Much historiography of the last three decades has undermined the sway of Eurocentrism. Though unabashedly Eurocentric histories still become bestsellers,1 revisionists have shown that the ideas and developments that spawned modernity hardly sprang sui generis from European soil. In their historic re-awakening starting at the end of the Middle Ages that ushered in the Renaissance, Reformation, Scientific Revolution and Enlightenment, Europeans borrowed and augmented a vast array of ideas, institutions, and practices particularly from Islamic, but also Indian and Chinese, civilization.2
This article contends that such revisionism, itself now putative, does not probe searcbingly enough the inter-civilizational encounter with Islam. The revisionist perspective underestimates or altogether overlooks not only the grave diffidence that Europeans (Latin Christians) developed through their medieval rivalry with Muslims, but, more importantly, the pivotal role that such civilizational solicitude played in motivating the urge to reform. Self-deprecation born of defeat against the archrival initiated the pattern of relentless introspection that led Europeans to question the foundations of the medieval order.
Revisionists and Eurocentrists alike tend to obscure European diffidence because they view the late Middle Ages anachronistically from the vantage point of (modern) hindsight. The subsequent accomplishments of European (early) modernity that catapulted the West past Islam are considered both immanent and imminent, projecting retrospectively a confidence among pre-modern Europeans that did not exist. In fact, the latter were desperately scrambling just to keep pace with an unequivocally superior rival. It is not inconceivable that without the daunting challenge posed by Islamic civilization, modernity would not have originated in Europe.
One caveat is in order. This paper is written from the perspective of (for the most part, educated) medieval Catholics. It presents evidence of what they wrote and said (thus the many quotations) as well as of what they can be reasonably presumed to have known (for instance, battles lost or books widely distributed and discussed). That subsequent research may have shown their views of themselves or their Muslim rivals to be in error does not change the fact that they held the views and were moved to action by them.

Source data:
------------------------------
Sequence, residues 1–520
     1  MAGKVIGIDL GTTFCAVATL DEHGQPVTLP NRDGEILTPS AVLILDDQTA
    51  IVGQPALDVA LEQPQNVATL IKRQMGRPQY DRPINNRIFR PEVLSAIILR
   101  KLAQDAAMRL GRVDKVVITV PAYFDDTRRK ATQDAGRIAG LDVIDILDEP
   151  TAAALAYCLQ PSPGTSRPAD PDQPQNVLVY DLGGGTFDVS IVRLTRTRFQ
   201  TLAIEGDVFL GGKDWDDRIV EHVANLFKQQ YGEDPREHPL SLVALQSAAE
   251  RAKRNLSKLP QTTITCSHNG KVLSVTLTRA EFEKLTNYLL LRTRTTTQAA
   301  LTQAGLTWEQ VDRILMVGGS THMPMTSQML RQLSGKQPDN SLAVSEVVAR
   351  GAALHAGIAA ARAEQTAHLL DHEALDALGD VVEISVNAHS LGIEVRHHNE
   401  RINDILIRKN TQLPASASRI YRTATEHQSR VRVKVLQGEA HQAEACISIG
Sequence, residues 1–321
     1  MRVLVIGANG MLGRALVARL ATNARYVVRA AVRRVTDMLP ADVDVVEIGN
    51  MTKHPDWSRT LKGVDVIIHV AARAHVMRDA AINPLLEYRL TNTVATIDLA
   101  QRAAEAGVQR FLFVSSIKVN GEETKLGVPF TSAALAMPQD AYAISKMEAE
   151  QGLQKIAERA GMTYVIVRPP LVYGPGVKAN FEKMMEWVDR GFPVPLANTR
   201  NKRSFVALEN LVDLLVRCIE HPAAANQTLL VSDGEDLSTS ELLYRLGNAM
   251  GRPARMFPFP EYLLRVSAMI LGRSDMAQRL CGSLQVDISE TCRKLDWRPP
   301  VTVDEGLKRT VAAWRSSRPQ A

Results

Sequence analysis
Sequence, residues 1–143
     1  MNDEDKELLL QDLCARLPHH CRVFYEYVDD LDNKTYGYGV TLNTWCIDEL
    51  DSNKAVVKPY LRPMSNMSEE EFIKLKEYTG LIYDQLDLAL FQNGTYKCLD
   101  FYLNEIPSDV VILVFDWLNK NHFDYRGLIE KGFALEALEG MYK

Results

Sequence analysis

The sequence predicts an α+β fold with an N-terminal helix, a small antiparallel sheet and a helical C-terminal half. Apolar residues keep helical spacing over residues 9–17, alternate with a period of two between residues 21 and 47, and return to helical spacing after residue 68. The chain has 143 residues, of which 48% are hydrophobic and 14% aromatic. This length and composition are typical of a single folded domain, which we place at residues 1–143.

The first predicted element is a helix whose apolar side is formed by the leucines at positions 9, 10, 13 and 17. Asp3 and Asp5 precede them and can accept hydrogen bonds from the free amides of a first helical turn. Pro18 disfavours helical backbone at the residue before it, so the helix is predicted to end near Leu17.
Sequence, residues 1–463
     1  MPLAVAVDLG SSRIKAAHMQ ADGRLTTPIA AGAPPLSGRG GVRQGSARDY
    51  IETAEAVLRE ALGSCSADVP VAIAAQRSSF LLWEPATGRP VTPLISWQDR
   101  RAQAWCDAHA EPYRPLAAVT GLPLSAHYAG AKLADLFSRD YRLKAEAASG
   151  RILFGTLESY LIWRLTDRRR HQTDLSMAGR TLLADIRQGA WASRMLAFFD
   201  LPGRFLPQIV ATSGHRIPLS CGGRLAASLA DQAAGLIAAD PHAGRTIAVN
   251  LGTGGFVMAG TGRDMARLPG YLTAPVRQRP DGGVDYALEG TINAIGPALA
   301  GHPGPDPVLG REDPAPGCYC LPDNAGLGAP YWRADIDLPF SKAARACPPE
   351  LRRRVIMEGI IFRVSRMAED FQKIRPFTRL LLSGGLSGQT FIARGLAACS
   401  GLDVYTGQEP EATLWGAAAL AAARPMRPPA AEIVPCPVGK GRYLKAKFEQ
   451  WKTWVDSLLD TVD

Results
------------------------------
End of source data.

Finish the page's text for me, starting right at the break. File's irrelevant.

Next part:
As intimated, just such anachronistic hindsight or retrospection has obscured me role that Islamic civilization played in the generation of (Western) modernity.
The Crusades preoccupied the late medieval Roman Catiiolic mind like no other event. In launching me First Crusade on November 27, 1095, Pope Urban ? ultimately sought to return Rome to world predominance by seizing control of Jerusalem and die surrounding territories considered the nucleus of the civilized world.3 Much vehement scholarly debate swirls around exactly when and how the Latin world became effectively cut off from the richer, more civilized East. The Pirenne Thesis blames the isolation on the Muslim invasions in the seventh century;4 the Belgian's detractors, on the Germanic invasions in the fifth.5
No one disputes, however, mat by the time of the First Crusade Latin Christendom lay isolated and nearly fully severed from the tiiriving societies of the Mediterranean east mat Rome itself considered to be the core of the known world. In declaring mat initial crusade to free Jerusalem from Muslim control, Urban ? exclaimed: "This royal city, therefore, situated, at the centre of the world, is now held captive by His enemies . . . She seeks therefore and desires to be liberated, and does not cease to implore you to come to her aid."6
Of course, me actual campaigns for Christ, prosecuted intermittently over the course of more than tìiree centuries, fulfilled no such lofty ambition. Although die milites Christi managed to capture Jerusalem in 1099 as well as establish a handful of Crusader states in die Levant, tiiey more often met with defeat. …